Under the Michigan Employment Security Act (MESA), an individual may be eligible for benefits if she is unemployed, registers for and actively seeks work, and is available to perform suitable full-time work. Mich. Comp. Laws § 421.28. A claimant also must show that he was neither fired for misconduct nor voluntarily left employment without good cause. Once the UIA determines that a claimant meets the basic requirements for benefits, the claimant must report biweekly to the Agency to maintain her eligibility. The claimant must answer a series of questions by phone through the Michigan Automated Response Voice Interactive Network (MARVIN) or by accessing the Michigan Web Account Manager (MiWAM). Failure to answer truthfully can expose claimants to penalties.

MiDAS is the UIA's fraud-detection software that records and searches for inconsistencies in the data that might indicate fraud. The data originate from several sources, including a claimant's benefits application and the bi-weekly updates. Employers also independently submit information about employees, including descriptions on why an employee was discharged and quarterly wages paid.

MiDAS went live on October 1, 2013. One main function was to detect, investigate, adjudicate, and issue determinations in unemployment insurance matters, including fraud cases, and then to assess and collect penalties. Efficiency was to be achieved by automating certain stages in the process. Defendant CSG recommended the automaton to "reverse the Agency culture where staff is reluctant to render a determination of fraud because it is viewed as too punitive on the claimant."

Defendant FAST designed the platform to search for discrepancies in the records of unemployment compensation recipients, automatically determine whether the claimants committed fraud, and execute collection proceedings, which included intercepting tax refunds and garnishing wages. MiDAS was intended to "increase timeliness and quality" of fraud determinations by using "system-assisted" adjudication. The parties use the term "auto-adjudication," although that nomenclature is not used consistently in the briefs. The plaintiffs allege that FAST programmed MiDAS with an inherent bias to find fraud.

Auto-adjudication is a process. This system starts with the automated generation of a flag, then leads to the automated generation of questionnaires, then to an automated determination based on logic trees, followed by an automated generation of a notice of fraud determination, then automated collection activity. A human could perform one or more of these stages, except for the generation of the fraud questionnaire.

A. Investigating Fraud

A finding that a claimant is guilty of fraud requires a determination that the claimant received an overpayment of benefits, which was caused by an intentional and material misrepresentation or omission. Mich. Comp. Laws § 421.54(b). For the first step in the fraud adjudication process, MiDAS used an electronic "cross-matching" mechanism to alert the UIA when income was reported for claimants or when some activity affected a claimant's eligibility for benefits. MiDAS cross-referenced income received in a fiscal quarter under each claimant's Social Security number with the corresponding quarterly report of the claimant's employer.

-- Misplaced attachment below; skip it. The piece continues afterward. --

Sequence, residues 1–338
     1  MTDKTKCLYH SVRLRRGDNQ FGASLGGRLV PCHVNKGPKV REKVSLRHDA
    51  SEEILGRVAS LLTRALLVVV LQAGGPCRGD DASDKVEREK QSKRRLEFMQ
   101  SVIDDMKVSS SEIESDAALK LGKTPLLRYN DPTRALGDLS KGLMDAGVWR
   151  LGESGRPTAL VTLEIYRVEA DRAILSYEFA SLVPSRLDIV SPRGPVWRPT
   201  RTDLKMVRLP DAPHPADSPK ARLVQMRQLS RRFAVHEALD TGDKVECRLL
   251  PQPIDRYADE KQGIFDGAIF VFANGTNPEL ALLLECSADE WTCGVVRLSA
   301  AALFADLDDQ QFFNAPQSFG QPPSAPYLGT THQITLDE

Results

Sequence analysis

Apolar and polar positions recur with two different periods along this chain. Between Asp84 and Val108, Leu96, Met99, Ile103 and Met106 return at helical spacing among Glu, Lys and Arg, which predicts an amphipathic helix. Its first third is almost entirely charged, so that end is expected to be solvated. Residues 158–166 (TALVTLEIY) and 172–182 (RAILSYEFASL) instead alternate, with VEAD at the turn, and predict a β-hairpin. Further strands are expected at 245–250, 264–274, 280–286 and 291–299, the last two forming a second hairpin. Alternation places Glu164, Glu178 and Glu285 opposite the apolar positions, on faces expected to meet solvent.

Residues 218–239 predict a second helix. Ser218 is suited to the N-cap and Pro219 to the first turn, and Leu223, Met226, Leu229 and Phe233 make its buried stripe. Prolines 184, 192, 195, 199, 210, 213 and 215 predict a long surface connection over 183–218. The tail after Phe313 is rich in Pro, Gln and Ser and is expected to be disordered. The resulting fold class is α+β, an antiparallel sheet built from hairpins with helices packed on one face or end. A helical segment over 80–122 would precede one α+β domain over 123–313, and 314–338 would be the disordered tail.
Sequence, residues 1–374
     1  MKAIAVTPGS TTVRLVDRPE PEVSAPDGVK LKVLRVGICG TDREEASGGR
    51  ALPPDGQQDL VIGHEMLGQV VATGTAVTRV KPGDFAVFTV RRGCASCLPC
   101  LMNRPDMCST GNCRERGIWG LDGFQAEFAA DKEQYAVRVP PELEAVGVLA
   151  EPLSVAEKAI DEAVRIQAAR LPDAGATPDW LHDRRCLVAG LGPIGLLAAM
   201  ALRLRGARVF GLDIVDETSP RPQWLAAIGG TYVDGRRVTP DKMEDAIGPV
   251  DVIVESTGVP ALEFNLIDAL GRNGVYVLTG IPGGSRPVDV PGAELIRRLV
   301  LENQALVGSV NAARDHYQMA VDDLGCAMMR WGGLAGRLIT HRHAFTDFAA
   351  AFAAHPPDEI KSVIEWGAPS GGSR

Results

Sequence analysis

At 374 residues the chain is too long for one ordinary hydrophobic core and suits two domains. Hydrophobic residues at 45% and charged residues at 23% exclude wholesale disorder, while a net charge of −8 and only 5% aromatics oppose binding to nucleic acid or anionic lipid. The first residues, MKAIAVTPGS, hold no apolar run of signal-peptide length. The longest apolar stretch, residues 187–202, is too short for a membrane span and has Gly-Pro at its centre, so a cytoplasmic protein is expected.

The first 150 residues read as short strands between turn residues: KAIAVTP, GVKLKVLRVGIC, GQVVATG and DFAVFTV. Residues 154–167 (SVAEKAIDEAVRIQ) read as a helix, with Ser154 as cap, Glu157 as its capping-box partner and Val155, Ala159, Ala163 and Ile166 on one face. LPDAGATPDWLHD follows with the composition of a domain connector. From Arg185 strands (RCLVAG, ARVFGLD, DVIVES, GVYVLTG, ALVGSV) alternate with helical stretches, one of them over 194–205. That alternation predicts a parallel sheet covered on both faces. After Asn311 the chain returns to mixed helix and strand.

The UIA requested that employers itemize the claimant's earnings for each of the 13 weeks in a quarter. If an employer did not itemize the claimant's earnings, MiDAS used an "income-spreading" formula, which prorated the claimant's quarterly earnings in an equal amount for each of the 13 weeks. The UIA then determined that claimants were guilty of fraud if they received benefits during any of the weeks in the quarter, despite lacking evidence of actual earnings.

If MiDAS detected that an employer paid a claimant within a quarter in which the claimant received unemployment benefits, the issue was "flagged" as potentially fraudulent. MiDAS then sent a questionnaire to a claimant (Form 1713).

If a claimant had a MiWAM account, the questionnaire would be posted to that account. For claimants who chose the paperless "Go Green" option, MiDAS sent a generic email to the claimant's last email on file, notifying them to check their MiWAM account for correspondence. The emails did not inform claimants that the correspondence concerned eligibility or potential fraud.

If a claimant did...

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3 cases
  • Cahoo v. Fast Enters. LLC
    • United States
    • U.S. District Court — Eastern District of Michigan
    • January 18, 2022
    ...the opinion denying motions to dismiss, 508 F. Supp. 3d 162 (2020), and the opinion denying the motion to certify a class, 508 F. Supp. 3d 138 (E.D. Mich. 2020). Put briefly, on March 2, 2017 the plaintiffs filed a putative class action complaint for damages allegedly caused by the Michigan......
  • Cahoo v. Fast Enters.
    • United States
    • U.S. District Court — Eastern District of Michigan
    • January 18, 2022
    ...the opinion denying motions to dismiss, 508 F.Supp.3d 162 (2020), and the opinion denying the motion to certify a class, 508 F.Supp.3d 138 (E.D. Mich. 2020). Put briefly, March 2, 2017 the plaintiffs filed a putative class action complaint for damages allegedly caused by the Michigan Unempl......
  • Elmy v. Western Express, Inc., 3:17-cv-01199
    • United States
    • U.S. District Court — Middle District of Tennessee
    • July 27, 2021
    ... ... commonality prerequisite of Rule 23(a)(2). See Cahoo v ... Fast Enterprises LLC , 508 F.Supp.3d 138, 160 (E.D. Mich ... 2020) (noting that ... ...